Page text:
Refugees, Flags, Censorship, and Constitutionality
Let’s do the follow-up thing today:
- Alvaro Orozco, the refugee who was denied Canadian citizenship because he didn’t look “gay enough” is still facing deportation to Nicaragua where homosexuality is illegal. The application to re-open his case was dismissed, but there’s still a chance he could file a standard application for immigration from within Canada on humanitarian grounds. Sadly, pretending to be gay to obtain refugee status is not uncommon, but the circumstances under which Orozco’s application was denied were downright silly.
- Niagara Falls officials have replaced the Pride flag that mysteriously vanished less than four hours after its raising ceremony. Thankfully they have “some ideas” to make sure this one stays put. At the top of the list: piping in Kylie Minogue to create an appropriate anti-heterosexual radius.
- The City of Ottawa has adopted policies ensuring that Capital Xtra, a gay community newspaper, cannot be censored from city community centres. The paper was removed from a public facility after Greg Evans, a local man, complained that his son could have seen it at basketball practice. Though the paper’s censorship was illegal, I can attest to the dangers of gay community newspapers: The last time I picked one up, I got a paper cut.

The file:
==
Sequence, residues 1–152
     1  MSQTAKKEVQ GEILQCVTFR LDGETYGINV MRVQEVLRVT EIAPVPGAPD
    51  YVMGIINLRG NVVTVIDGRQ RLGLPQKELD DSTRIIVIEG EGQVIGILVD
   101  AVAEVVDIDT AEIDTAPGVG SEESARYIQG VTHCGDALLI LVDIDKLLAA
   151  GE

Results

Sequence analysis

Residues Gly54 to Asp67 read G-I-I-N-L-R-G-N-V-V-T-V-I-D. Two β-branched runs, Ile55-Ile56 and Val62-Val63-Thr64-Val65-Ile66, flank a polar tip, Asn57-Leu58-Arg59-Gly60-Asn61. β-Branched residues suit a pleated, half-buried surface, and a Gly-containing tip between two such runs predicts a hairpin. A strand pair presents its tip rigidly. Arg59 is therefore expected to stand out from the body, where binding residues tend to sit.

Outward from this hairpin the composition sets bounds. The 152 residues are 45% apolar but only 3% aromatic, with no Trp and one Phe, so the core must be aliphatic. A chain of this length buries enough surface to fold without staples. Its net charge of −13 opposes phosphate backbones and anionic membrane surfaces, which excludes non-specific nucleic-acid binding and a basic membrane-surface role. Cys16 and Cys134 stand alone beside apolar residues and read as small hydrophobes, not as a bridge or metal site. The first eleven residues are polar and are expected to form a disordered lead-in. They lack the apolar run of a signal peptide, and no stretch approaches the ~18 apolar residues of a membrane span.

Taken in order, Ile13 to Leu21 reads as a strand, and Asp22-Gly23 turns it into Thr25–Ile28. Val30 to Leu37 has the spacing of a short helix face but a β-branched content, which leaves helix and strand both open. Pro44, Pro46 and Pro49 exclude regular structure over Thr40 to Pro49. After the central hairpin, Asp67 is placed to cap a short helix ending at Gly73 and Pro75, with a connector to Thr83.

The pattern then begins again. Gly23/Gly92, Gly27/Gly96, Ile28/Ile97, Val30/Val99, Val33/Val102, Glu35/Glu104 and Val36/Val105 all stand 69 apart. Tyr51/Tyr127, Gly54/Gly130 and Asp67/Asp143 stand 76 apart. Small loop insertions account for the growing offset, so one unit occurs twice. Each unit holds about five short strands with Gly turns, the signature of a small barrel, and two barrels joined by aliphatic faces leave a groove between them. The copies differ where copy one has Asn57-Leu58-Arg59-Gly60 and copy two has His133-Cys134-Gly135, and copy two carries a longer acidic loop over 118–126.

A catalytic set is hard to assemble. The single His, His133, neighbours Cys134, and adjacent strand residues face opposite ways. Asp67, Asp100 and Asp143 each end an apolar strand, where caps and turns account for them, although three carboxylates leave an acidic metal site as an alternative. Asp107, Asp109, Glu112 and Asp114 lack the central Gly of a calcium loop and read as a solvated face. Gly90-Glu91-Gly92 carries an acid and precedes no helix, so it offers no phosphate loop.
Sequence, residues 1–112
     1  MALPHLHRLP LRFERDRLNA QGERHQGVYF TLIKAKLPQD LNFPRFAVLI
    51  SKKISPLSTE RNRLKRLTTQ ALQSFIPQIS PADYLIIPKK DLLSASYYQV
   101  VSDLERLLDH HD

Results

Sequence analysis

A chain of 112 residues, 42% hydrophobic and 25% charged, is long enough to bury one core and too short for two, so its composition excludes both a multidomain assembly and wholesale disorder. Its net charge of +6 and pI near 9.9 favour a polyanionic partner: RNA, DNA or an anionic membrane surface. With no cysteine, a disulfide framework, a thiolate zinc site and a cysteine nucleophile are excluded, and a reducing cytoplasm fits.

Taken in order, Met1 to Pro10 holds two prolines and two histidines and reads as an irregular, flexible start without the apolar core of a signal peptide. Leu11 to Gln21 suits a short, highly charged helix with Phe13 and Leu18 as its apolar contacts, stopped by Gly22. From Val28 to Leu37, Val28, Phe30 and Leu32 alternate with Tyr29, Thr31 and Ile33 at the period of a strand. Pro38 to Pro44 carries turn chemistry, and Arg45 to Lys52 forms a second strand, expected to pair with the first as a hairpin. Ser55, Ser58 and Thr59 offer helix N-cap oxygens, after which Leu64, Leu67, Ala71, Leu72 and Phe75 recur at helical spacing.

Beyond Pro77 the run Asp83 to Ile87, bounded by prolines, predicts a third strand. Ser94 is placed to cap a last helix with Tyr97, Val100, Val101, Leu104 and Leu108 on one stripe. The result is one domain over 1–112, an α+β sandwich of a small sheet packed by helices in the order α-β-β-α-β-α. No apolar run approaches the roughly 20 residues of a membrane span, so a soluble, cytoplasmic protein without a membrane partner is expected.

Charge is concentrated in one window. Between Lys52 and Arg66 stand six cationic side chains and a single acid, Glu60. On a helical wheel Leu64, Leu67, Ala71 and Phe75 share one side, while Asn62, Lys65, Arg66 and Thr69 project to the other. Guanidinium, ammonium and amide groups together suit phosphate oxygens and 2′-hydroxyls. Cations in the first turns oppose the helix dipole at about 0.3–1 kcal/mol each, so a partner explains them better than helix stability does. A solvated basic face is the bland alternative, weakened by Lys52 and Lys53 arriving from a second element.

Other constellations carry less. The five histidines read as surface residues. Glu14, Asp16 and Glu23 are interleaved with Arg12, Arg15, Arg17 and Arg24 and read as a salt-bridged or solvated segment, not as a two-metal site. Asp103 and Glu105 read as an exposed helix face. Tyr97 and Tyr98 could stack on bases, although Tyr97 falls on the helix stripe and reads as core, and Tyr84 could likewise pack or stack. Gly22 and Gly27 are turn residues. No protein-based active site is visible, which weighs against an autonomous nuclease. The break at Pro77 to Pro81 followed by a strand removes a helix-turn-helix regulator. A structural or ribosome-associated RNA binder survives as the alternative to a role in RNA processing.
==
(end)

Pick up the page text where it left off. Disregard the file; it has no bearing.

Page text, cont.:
- The federal conservatives’ scrapping of the gay-friendly Court Challenges Program has turned out to be illegal. According to a report by the official languages commissioner, removing public funding to challenge unconstitutional laws violated Officials Languages Act. The government, in the interests of transparency and accountability, has not responded.
Well, have a great weekend kiddos!